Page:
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November 28, 2012
London student Jackson Otten, age 12, was tasked with learning a new skill as part of his Grade 7 mentorship project. Following his mother’s advice, he decided to learn to knit – the question was what?
“My aunt works at the hospital and taught me about Shaken Baby Syndrome,” says Otten.
Each November, approximately 500 newborns at London Health Sciences Centre (LHSC) head home for the first time wearing purple hats. The hats are handed to new parents along with an education package detailing action steps for dealing with their constantly crying infant. The program raises awareness about the Period of PURPLE crying - the phrase used to describe the point in a baby’s life when they cry more than any other time.
“With my mom’s help I started knitting a hat for a baby. It was frustrating at first, but I could fix my mistakes and it became easy,” continues Otten. He did not stop after he knit his first hat; he knit six in total and decided to use his new skill to raise awareness about Shaken Baby Syndrome.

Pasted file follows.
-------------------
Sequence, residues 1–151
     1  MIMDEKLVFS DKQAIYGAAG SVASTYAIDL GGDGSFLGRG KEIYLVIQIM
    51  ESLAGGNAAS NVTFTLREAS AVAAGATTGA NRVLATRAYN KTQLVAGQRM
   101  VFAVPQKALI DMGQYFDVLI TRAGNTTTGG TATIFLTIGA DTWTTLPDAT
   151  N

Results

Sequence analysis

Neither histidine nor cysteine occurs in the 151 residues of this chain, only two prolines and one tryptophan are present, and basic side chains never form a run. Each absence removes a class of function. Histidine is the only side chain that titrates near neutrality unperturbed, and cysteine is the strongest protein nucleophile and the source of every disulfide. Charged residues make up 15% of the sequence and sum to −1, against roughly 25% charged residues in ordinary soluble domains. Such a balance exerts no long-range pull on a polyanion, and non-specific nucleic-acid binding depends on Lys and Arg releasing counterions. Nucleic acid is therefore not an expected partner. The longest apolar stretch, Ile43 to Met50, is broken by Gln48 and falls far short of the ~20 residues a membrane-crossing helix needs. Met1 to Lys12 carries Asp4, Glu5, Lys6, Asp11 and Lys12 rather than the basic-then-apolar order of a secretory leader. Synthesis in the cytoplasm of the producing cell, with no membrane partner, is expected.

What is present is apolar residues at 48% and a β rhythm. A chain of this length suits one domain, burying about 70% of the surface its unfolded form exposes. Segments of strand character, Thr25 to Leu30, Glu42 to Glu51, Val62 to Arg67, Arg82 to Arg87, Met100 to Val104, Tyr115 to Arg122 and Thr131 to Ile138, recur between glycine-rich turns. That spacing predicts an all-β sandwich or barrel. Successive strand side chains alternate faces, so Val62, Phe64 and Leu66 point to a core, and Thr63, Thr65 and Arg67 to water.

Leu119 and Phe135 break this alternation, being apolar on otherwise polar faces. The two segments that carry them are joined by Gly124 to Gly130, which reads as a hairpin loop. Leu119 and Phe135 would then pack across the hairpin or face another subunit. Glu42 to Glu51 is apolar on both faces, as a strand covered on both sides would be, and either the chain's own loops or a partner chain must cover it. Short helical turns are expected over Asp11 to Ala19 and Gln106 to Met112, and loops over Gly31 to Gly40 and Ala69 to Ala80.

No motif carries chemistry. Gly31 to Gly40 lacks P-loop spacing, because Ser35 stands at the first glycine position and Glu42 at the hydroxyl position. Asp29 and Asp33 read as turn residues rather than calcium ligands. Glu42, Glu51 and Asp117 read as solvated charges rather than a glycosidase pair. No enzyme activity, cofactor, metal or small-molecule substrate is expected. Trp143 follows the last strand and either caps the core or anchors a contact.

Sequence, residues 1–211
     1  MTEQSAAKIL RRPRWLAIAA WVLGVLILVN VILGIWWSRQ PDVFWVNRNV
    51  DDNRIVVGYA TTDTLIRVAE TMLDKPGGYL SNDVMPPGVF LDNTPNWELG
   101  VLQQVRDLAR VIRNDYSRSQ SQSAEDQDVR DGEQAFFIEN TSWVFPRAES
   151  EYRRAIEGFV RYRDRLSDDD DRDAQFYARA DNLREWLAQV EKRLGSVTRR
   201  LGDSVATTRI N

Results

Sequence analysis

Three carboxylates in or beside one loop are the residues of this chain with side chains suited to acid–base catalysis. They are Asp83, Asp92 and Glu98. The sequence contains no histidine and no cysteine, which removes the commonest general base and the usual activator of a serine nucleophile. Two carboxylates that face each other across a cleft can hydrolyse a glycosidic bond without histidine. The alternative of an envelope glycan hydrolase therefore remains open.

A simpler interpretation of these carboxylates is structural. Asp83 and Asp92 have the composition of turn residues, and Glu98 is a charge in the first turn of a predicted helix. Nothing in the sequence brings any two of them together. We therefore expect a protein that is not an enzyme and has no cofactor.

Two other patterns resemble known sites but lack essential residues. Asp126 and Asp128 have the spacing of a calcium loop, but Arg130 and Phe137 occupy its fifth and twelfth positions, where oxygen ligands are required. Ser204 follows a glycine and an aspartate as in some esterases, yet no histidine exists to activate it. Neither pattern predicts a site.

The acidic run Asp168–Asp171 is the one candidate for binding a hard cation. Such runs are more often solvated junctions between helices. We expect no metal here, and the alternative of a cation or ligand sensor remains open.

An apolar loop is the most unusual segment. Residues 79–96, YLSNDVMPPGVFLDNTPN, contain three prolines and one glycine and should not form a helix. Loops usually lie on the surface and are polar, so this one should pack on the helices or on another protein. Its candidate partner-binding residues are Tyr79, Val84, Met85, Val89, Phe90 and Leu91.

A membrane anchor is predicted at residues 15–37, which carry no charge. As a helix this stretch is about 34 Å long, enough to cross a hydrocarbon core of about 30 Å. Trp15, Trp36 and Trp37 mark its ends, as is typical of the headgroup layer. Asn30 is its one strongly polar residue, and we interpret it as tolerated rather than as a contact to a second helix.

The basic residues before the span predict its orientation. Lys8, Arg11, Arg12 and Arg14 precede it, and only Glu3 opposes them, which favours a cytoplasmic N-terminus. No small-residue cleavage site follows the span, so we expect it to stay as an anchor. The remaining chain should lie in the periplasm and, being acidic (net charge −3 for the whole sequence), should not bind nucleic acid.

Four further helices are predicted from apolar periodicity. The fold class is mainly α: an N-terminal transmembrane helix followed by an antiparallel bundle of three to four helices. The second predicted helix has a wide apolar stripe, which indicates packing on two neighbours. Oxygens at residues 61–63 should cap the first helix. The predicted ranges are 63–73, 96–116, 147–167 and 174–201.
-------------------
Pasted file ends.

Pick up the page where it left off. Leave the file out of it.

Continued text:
Otten took the initiative to visit Children’s Hospital at LHSC and was able to hand one of his hats to the parents of a newborn. New parents Kimberly Hill and Chris Bjelis had already watched a video about the Period of Purple Crying and were grateful to Otten for providing their son, Adrian, a purple hat. The experience made the project even more real for Otten as he was able to see what happened to the hats he knitted.
Now being an advocate for the Period of Purple Crying, his advice to parents of a newborn is straightforward, “Crying for no reason can happen to every baby and parents should not shake their baby.”
About the Period of Purple Crying
The Period of PURPLE Crying is way for parents to understand their baby’s crying. The word PURPLE is an acronym which helps parents in an easy way to remember the characteristics of normal infant crying. The letters in PURPLE stand for:
· Peak of crying – The baby may cry more each week, peaking at two months, and then less at three to five months.
· Unexpected – The crying can come and go, with no explanation.
· Resists soothing – The baby might not stop crying no matter what you try.
· Pain-like face – It may look like the baby is in pain, even when they are not.
· Long lasting – The baby might cry 5 hours per day or more.
· Evening – The baby might cry more in the late afternoon or evening.